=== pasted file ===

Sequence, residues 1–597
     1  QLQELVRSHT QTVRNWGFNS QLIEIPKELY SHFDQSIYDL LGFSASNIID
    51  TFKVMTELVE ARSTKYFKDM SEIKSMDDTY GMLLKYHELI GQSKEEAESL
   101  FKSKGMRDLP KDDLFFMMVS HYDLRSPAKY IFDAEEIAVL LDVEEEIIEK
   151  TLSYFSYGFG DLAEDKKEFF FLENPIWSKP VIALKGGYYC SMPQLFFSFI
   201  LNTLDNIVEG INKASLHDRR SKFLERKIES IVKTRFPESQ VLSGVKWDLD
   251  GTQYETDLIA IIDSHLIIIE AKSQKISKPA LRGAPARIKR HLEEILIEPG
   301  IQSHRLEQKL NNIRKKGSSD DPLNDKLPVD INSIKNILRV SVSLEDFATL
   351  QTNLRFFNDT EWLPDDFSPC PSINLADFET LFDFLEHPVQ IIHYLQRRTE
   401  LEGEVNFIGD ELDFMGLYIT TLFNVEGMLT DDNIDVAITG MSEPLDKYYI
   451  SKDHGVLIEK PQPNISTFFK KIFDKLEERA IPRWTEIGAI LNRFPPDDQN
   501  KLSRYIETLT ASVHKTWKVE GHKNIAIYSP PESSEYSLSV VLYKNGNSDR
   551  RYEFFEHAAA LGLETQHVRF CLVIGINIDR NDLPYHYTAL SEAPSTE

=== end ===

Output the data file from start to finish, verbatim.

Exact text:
Sequence, residues 1–597
     1  QLQELVRSHT QTVRNWGFNS QLIEIPKELY SHFDQSIYDL LGFSASNIID
    51  TFKVMTELVE ARSTKYFKDM SEIKSMDDTY GMLLKYHELI GQSKEEAESL
   101  FKSKGMRDLP KDDLFFMMVS HYDLRSPAKY IFDAEEIAVL LDVEEEIIEK
   151  TLSYFSYGFG DLAEDKKEFF FLENPIWSKP VIALKGGYYC SMPQLFFSFI
   201  LNTLDNIVEG INKASLHDRR SKFLERKIES IVKTRFPESQ VLSGVKWDLD
   251  GTQYETDLIA IIDSHLIIIE AKSQKISKPA LRGAPARIKR HLEEILIEPG
   301  IQSHRLEQKL NNIRKKGSSD DPLNDKLPVD INSIKNILRV SVSLEDFATL
   351  QTNLRFFNDT EWLPDDFSPC PSINLADFET LFDFLEHPVQ IIHYLQRRTE
   401  LEGEVNFIGD ELDFMGLYIT TLFNVEGMLT DDNIDVAITG MSEPLDKYYI
   451  SKDHGVLIEK PQPNISTFFK KIFDKLEERA IPRWTEIGAI LNRFPPDDQN
   501  KLSRYIETLT ASVHKTWKVE GHKNIAIYSP PESSEYSLSV VLYKNGNSDR
   551  RYEFFEHAAA LGLETQHVRF CLVIGINIDR NDLPYHYTAL SEAPSTE